The HSJ has published data showing that the number of hospitals falling short of their planned nurse staffing by 10 per cent or more has almost tripled in five years.
HSJ undertook an analysis of unpublished workforce data, which reveals that the gap between the number of nurses hospitals think they need, and what they are able to staff the hospital with, has grown since 2014.
The workforce data was obtained via a freedom of information request to NHS England as currently published data now combines nurse numbers with other nursing care professionals, thus masking the true numbers of trained nurses on a shift.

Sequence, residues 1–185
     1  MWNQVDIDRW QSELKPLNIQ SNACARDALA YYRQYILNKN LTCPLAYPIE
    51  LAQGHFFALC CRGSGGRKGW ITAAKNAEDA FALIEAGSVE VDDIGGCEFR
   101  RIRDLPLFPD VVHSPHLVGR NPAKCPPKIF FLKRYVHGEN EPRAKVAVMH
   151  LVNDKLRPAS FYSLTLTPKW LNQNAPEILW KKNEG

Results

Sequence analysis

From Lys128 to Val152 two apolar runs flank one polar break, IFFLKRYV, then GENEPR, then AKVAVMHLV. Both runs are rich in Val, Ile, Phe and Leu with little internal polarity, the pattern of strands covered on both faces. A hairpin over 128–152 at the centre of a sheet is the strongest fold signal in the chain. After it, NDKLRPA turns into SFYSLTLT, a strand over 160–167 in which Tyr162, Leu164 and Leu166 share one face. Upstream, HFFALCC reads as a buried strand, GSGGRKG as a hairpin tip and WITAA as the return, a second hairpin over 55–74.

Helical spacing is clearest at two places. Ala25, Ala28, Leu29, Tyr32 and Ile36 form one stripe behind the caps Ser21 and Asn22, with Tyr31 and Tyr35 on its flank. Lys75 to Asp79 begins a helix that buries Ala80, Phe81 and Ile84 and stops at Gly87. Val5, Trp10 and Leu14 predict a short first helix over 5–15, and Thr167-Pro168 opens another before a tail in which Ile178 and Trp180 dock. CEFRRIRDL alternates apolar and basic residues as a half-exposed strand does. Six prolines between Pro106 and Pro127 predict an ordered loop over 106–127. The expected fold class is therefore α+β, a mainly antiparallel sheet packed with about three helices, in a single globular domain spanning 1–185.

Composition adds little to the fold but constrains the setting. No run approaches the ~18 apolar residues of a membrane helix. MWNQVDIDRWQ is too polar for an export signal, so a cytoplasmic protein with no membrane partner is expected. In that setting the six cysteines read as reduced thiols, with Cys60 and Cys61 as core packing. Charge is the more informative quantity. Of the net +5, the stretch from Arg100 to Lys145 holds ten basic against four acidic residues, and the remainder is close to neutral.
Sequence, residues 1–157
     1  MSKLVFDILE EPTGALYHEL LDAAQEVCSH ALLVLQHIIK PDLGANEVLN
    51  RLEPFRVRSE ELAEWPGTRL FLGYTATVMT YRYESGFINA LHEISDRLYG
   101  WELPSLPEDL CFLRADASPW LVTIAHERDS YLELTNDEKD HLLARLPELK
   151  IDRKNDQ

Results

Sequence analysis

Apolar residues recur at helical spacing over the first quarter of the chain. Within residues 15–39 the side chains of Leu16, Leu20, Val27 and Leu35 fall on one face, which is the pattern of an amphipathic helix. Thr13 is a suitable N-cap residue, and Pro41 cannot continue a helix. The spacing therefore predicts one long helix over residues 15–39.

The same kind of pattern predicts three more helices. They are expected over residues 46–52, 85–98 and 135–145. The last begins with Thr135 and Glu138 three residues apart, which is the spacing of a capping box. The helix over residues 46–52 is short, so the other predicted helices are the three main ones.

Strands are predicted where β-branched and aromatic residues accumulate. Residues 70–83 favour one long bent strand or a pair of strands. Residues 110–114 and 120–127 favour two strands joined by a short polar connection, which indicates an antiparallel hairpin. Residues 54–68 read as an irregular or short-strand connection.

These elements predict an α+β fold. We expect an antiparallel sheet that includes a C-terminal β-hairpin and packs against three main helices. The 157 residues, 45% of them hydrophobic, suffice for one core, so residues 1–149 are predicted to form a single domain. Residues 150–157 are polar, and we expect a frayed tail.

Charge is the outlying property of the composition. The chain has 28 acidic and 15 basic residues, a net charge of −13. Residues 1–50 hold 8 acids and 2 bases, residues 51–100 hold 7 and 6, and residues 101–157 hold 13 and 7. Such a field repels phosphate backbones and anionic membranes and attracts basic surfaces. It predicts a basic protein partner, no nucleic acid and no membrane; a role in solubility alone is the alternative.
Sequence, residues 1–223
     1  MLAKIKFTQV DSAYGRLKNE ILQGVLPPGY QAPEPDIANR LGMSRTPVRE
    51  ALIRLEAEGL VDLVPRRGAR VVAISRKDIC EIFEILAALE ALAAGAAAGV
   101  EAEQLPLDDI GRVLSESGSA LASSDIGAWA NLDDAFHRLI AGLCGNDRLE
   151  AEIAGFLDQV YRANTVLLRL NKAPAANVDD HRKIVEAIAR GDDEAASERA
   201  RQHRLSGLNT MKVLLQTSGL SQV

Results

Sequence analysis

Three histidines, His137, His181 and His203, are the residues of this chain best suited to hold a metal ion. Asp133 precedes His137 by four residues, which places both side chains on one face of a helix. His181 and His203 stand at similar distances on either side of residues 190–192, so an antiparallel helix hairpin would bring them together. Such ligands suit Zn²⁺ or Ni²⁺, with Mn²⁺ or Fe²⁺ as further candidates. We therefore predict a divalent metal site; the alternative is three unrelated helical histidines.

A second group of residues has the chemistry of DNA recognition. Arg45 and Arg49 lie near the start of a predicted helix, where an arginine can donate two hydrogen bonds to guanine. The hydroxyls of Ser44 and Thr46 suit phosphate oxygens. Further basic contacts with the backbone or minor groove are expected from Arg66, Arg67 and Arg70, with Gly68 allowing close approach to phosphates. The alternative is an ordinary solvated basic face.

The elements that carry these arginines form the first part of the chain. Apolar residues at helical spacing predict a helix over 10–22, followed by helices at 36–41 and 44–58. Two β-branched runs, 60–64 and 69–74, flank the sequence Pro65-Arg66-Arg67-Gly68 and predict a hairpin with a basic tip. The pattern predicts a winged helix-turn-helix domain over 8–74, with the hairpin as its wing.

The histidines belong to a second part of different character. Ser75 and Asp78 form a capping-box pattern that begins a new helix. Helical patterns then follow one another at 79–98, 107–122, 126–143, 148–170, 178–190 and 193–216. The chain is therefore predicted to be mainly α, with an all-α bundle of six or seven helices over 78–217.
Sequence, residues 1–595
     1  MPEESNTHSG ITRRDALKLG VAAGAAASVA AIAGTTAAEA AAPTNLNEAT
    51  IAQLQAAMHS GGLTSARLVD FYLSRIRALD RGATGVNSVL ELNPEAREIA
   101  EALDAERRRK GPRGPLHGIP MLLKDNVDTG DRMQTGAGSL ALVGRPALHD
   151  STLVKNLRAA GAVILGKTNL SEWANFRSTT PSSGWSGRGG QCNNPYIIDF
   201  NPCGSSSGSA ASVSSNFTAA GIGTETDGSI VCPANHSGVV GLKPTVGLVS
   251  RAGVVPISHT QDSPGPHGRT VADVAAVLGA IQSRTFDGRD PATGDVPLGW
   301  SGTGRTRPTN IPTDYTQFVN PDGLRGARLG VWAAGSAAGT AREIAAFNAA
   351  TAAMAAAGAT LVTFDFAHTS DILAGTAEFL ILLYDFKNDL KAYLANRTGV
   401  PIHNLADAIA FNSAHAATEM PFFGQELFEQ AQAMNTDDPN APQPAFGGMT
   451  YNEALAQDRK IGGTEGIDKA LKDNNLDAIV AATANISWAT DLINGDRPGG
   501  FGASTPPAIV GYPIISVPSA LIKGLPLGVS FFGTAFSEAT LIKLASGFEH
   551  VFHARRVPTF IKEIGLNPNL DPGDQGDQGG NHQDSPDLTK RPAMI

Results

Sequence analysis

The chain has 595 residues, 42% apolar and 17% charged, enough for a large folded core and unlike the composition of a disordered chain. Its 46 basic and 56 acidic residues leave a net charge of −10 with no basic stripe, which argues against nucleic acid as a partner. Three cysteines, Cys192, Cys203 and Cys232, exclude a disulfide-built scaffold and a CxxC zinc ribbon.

The number of hospital trusts reporting a shortfall of 10 per cent or more on their day shifts nearly tripled, up from 20 in June 2014 to 55 in June 2019. However, there was a small improvement over the year to June 2019, although HSJ notes that the reason for which is unclear.
Notably, in every single month from 2014 to June 2019, a majority of hospitals fell short of their planned nurse staffing number. Experts said the data showed that the NHS was “drifting into massive skill mix change” as hospitals overstaff with support workers, while having to run shortfalls of nurses, despite evidence, this has a “detrimental impact on patient outcomes including survival”.
Full story in The HSJ, 24 October 2019